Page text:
Satya Nadella says this book gave him the ‘intuition’ he needed to revamp Microsoft

Satya Nadella talks to troops

When Satya Nadella took the reins as CEO of Microsoft in early 2014, hemade no secret of the fact that he would shake up the company’s cultureto meet the challenges of the modern era.The key concept Nadella has pushed is the “growth mindset,” which emphasizes the notion of learning from others, and learning from your own mistakes, so you can move quickly and find the right path forward.

In a new interview with Bloomberg’s Dina Bass, Nadella shares that it was the 2007 book “Mindset: The New Psychology of Success,” by Stanford professor of psychology Carol Dweck, that gave him the “intuition” that led to making the “growth mindset” the philosophical core of the change he’s trying to create at Microsoft.

Nadella tells Bloomberg:

“In there there’s this very simple concept that Carol Dweck talks about, which is if you take two people, one of them is a learn-it-all and the other one is a know-it-all, the learn-it-all will always trump the know-it-all in the long run, even if they start with less innate capability.”

The book itself goes deeper into that idea, presenting the idea that some people have a “fixed” mindset, in that they believe that their talent comes from within and thus don’t need to work hard – while others have that “growth” mindset, and believe that their ability can be improved through hard work.

“It’s not always the people who start out the smartest who end up the smartest,” writes Dweck in “Mindset.”

That’s a view that must resonate with Microsoft, which is trying to change how it thinks about productivity and the PC after missing the smartphone revolution almost entirely. Nadella has been reconsidering some of Microsoft’s assumptions, including how it thinks about rivals like the Linux operating system, as it tackles new challenges.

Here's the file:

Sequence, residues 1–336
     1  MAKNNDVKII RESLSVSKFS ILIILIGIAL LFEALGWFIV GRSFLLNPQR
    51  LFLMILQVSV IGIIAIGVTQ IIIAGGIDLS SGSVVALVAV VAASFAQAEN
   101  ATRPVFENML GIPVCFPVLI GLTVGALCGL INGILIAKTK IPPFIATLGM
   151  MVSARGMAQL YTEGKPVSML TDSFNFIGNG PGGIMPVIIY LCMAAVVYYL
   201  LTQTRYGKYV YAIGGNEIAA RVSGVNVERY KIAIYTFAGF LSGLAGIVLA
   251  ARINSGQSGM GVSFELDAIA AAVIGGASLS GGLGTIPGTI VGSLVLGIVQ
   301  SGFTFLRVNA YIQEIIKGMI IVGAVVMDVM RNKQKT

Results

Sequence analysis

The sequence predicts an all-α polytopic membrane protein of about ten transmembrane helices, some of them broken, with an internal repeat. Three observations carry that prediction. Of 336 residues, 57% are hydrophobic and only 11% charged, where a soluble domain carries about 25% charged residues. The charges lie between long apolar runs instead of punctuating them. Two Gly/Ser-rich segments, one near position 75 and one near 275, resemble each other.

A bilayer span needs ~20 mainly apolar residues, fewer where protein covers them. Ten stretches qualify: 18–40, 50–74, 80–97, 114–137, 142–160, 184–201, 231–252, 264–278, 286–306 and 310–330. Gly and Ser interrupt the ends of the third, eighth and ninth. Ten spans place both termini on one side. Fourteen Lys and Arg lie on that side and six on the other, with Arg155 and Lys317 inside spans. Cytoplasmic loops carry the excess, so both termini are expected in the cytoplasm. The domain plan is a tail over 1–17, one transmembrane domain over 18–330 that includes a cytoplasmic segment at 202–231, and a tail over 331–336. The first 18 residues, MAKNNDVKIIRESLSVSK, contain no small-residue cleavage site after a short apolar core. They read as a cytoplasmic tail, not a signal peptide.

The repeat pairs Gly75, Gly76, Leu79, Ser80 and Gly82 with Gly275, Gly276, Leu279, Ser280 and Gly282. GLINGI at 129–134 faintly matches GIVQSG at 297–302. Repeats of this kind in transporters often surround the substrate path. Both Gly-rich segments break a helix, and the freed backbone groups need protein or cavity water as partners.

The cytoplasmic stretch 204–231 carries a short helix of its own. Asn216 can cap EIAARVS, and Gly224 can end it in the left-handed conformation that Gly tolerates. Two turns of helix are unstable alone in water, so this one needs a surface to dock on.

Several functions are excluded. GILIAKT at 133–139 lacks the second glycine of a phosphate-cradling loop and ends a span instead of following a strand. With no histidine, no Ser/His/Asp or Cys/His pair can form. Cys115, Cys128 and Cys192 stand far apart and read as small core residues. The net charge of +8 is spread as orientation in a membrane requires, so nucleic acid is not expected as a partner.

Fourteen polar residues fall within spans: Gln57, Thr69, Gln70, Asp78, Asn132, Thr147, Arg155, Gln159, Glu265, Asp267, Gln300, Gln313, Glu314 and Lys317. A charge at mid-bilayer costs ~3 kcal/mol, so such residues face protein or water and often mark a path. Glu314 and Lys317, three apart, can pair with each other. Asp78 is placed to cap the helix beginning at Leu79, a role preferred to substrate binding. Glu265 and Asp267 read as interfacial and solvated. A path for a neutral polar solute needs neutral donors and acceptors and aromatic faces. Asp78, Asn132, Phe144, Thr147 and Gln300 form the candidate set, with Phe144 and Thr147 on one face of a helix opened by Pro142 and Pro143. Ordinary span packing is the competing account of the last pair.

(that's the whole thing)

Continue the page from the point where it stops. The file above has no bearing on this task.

carol dweck

As Nadella tells Bloomberg: “I need to be able to walk out of here this evening and say, ‘Where was I too closed-minded, or where did I not show the right kind of attitude of growth in my own mind?’ If I can get it right, then we’re well on our way to having the culture we aspire to.”

Microsoft cofounder Bill Gates is also a fan of Dweck’s theories as presented in “Mindset,” hyping it in 2014 as a way for anyone to learn anything. Which is kind of funny, because he was known during his tenure as CEO for disagreeing with some ideas by saying “that’s the stupidest f—ing thing I’ve ever heard.”

Nadella’s recommendation has apparently pushed “Mindset” to bestseller status on Amazon, after nine years on the stands.

By: Matt Weinberger

Source: Businessinsider



Microsoft COO Turner Steps Down, Signals New Direction at Company


Microsoft (NASDAQ:MSFT) last week announced that Kevin Turner is leaving the company after 11 years as chief operating officer (COO), effective July 31, 2016. He will be joining Citadel Securities, a market maker of US stocks and options, as Chief Executive Officer.

As Microsoft’s COO, Turner oversees the company’s worldwide sales, field marketing and services organization. He also manages support and partner channels, company stores and corporate support functions, including information technology, licensing and pricing and operations.

According to a report on Microsoft’s News Center, Turner, who began his career at Wal-Mart (NYSE: WMT) where he rose through the ranks to become the youngest corporate officer in the company’s history, has a strong track record of results, with responsibility for the organization of more than 51,000 Microsoft employees in  more than 190 nations joining Microsoft in 2005.

Under Turner’s leadership, Microsoft ended fiscal year 2015 with 8 percent growth and $93.6 billion in revenue, but his exit seems to signal the tech company is taking a new direction toward the future.

Microsoft, Charting New Path to Future